Exploring New Possibilities in the Treatment of Vitiligo

An estimated 2 million patients in the United States suffer from vitiligo, which is a dermatological condition defined by depigmentation of the skin.

Although there is currently no cure, recent medical advances have helped patients and providers gain a broader perspective on the condition of the skin. Likewise, prominent cultural figures with vitiligo have also helped fight the stigma surrounding the condition.

Despite this, vitiligo is still considered by many to be a purely cosmetic condition, although it is also a medical condition.

Sarah Asch, MD, FAAP, FAAD, Pediatric Dermatology Society The chair of the teledermatology committee explained how the public perception of vitiligo has evolved in recent years, as well as how vitiligo affects adults and pediatric patients differently and the myriad of promising new therapies that are currently being explored.

“We know that vitiligo really has a very big impact on people’s quality of life, both in children and adults, and we know that the impact is not the same for each person,” said Ash. “So it was really important for us to provide resources to people affected by vitiligo in terms of advocacy and making sure they have access to support groups and other resources that might be helpful to them.”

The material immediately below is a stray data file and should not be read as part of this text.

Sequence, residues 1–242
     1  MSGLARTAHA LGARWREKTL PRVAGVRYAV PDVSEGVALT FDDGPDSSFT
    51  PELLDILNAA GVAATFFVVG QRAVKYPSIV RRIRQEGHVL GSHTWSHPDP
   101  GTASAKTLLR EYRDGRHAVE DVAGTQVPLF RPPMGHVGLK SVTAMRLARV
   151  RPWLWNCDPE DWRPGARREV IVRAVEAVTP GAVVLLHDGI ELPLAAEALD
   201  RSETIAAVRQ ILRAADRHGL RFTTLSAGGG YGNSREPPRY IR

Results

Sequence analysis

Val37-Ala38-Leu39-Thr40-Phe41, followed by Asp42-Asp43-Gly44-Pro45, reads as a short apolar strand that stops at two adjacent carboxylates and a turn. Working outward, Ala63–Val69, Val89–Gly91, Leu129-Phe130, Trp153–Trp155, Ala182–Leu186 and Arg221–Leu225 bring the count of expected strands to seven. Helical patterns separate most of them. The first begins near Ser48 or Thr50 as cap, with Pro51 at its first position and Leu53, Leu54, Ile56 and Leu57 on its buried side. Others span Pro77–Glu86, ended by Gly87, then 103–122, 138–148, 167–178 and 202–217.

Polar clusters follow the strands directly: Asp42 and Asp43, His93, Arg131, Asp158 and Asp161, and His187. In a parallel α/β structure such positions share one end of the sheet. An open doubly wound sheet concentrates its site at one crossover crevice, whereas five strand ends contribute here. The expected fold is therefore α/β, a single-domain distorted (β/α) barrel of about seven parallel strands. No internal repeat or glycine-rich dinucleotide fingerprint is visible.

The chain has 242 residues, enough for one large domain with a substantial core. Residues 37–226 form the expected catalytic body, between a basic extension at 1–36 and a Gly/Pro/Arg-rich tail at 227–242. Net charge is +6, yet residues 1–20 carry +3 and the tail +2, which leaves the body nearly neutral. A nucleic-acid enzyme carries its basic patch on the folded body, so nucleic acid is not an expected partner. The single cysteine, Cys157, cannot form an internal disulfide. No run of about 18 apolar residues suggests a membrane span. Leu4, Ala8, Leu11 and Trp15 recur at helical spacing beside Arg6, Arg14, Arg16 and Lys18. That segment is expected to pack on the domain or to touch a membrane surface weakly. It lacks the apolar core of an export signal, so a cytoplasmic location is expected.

Asch noted that a stronger focus on treating pediatric patients — who make up about 25 to 30 percent of those affected by vitiligo — has been adopted in recent years.

“Children tend to respond better to therapies than adults, and so we treat them more aggressively, and that’s really a new way of thinking about vitiligo,” Asch said. “Ten years ago there was a lot less pressure to treat early and aggressively because we didn’t understand the difference we could make in terms of the color returning to the skin.”

Topical steroids such as hydrocortisone and topical calcineurin inhibitors have been used to signal color-producing cells in the body and promote repigmentation. During this time, larger body surfaces will often be treated with phototherapy.

However, perhaps the biggest challenge in implementing phototherapy is that some patients have to visit dermatology offices several times a week. Additionally, home phototherapy units are often not covered by insurance, making it increasingly difficult for some patients to receive treatment.

“It can be very expensive, and it’s another avenue we’re really working in on behalf of our vitiligo patients,” Asch said. “For this to be recognized as more than just a cosmetic issue, that this is a true autoimmune disease that requires treatment.”

Meanwhile, promising new data on ruxolitinib topical cream has indicated that a Food and Drug Administration (FDA)-approved treatment may soon be available for children and adult patients.

“The data was very impressive; one of the things (the data) showed a 75% improvement in facial vitiligo,” Asch said. “It’s amazing. We just don’t have any other treatments that have this kind of response on this kind of timeline. It’s been tested on children aged 12 and up, and so probably the first approvals will come out. for 12+, hopefully even this year.

For more from Dr. Asch, listen to the podcast above.

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